And Now, Absurdity

Some libraries are simply more progressive than merely checking out video games or ukuleles.

Married To The

Bunny Suicides book - an interesting turn of events

Upon discovering a book depicting rabbit ending their lives in a number of unusual ways, a woman in Oregon checked the book out of the library, refused to return it, and threatened to burn it and any other copies that were purchased to replace the copy she stole. After a time though, and a good deal of community outrage, she did return the book and claimed that her threats were fueled by emotion and distorted by the media and they should be dismissed as such.

This even brings up a couple of interesting issues; information access denial by patron action and the reaction of the community to such action. I find it quite interesting that a community, many of whom stated that they did not care for the book, felt that it still should be included in the library holdings, and some even sent funds with which to procure another copy. Given the circumstances, I have to wonder if the woman in question would not have come forth with the book, or have carried out her threats to destroy that which she felt objectionable has the media not picked up on the story.

How common is it for this sort of action to take place? Given the regularity with which these sorts of stories make the news it seems to be a fairly regular occurrence. According to the ALA, more than a book a day is challenged in the United States.

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Titular Abridgement

Planet Karen has a funny take on abridged versus unabridged books and the consequences of thinking too hard about them.

The punchline to this is that I too have seen a book like this and had a similar thought. However, I turned into a librarian ages ago.

Don't know what I'm talking about? Of course you don't, unless you read the comic.

Goodnight Opus

Today marked the last day of a well loved comic character and pop culture icon.

Berkeley Breathed published his final Opus cartoon today and everybody's favourite penguin went out in a very literary tradition.

And by "literary tradition," I mean "children's literary tradition."

In cooperation with the Humane Society, Breathed published a final Sunday strip in newspapers with a link to see the last panel online at the Humane Society of the United States.

Check the published strip via the link above, and then read the final panels. Truly heartwarming.

Spoiler alert: Comic books are alive and kicking

Yes, super-hero movies are big. But another business that's booming for Marvel? Old-fashioned publishing.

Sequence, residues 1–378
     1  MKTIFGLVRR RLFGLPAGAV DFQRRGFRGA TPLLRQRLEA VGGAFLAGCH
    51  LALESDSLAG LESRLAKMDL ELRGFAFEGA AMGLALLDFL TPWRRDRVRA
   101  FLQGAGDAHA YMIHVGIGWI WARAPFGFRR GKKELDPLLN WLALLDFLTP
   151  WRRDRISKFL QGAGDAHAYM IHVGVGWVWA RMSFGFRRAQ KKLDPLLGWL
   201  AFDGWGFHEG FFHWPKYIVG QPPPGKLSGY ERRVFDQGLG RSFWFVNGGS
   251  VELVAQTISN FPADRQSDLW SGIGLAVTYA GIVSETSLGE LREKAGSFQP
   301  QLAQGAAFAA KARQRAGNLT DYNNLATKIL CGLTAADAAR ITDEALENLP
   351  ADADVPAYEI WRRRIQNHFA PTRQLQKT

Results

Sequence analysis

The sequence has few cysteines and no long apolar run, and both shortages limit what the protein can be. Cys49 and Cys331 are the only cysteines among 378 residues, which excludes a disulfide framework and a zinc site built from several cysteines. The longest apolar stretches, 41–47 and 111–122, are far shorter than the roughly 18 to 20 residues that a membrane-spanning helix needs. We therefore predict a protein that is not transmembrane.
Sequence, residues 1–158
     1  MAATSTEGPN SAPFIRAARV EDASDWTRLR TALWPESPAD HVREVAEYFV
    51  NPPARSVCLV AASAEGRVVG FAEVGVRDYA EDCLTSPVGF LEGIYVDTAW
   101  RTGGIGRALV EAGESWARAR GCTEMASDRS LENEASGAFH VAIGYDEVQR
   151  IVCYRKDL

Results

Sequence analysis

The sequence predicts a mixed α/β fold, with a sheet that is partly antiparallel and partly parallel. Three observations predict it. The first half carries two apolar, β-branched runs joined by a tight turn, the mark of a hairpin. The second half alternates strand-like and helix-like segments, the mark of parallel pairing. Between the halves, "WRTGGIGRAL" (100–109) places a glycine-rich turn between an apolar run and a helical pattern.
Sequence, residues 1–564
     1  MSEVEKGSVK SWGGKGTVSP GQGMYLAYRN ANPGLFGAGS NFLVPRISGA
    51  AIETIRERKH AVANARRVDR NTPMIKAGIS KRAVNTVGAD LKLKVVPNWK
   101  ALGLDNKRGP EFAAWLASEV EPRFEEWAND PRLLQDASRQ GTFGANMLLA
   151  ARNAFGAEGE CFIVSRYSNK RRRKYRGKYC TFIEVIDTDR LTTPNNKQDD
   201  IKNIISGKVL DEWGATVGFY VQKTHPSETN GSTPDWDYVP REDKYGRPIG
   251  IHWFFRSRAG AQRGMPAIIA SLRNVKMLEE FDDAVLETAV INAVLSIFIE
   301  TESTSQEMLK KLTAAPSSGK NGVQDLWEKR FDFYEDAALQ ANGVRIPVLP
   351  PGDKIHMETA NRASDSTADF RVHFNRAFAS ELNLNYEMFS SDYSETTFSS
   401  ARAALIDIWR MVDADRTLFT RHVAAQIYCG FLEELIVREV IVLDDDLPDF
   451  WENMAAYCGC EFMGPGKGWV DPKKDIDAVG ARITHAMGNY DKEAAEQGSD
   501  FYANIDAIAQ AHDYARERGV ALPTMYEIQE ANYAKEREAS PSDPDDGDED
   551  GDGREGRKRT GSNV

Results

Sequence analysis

At Marvel Entertainment, the industry's largest player, revenues for its print wares have been growing in double digits for the past three years and profit margins have been running at close to 40%. Plenty of magazine, book or newspaper publishers would put on a mask, cape or even giant bunny ears if that's what it took to generate those kinds of numbers - especially right now.

DRM In Your Library? Consider This...

Thinking about utilizing a service in your library which uses Digital Rights Management (DRM)?

Consider the wise comic of Randall Munroe:

Presidential Material In Comic Book Form

Not ready to deal with all those weighty tomes about the Presidential candidates? Maybe you should check out the two super-contenders in comic book form:

Authors of comic books on Barack Obama and John McCain (Jeff Mariotte (also a bookstore owner) and Andy Helfer respectively) will be signing their comix at bookstores in NY and LA next week.

Both books have been published by IDW. The company claims to be "pleased to present a unique venture in the history of comics publishing: a pair of graphic biographies featuring the presumptive Presidential candidates of the Democratic and Republican parties."

With pencil and paper, artist found a niche illustrating popular comic books

While few can recall the early days of the comic book industry, Sitton and his memories share space in his Houston apartment, where pen-and-ink posters from those long-ago comic book pages cover his walls.

It was an unparalleled time in the comic book industry. There were more comic book houses in those days, flooding the market with innumerable titles. Now, comic books must compete with television cartoons, video games and other forms of entertainment.


Who else got "Colleen" drawn in their Unshelved book?

at least, I think it's Colleen. it's sort of a cloud or lake landscape with the twin setting suns of Tatooine... no, wait, it's Colleen.

Did anyone else order Frequently Asked Questions to get the bonus drawing and autographs (it looks like a "G-something" and "B-something-with-a-dot")?

Just wondering if Bill varied what he drew and what the distribution might be and how rare each drawing is and how collectible and which mylar bag should I use and how much will it be worth in five years and does anyone ever read my blog?

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Rhymes with Orange and books...

No it's not Friday, but didn't think that I should hold onto this until then...

The comic strip "Rhymes with Orange" ran an interesting strip about a couple undergoing counseling and they use an interesting analogy, check it out.


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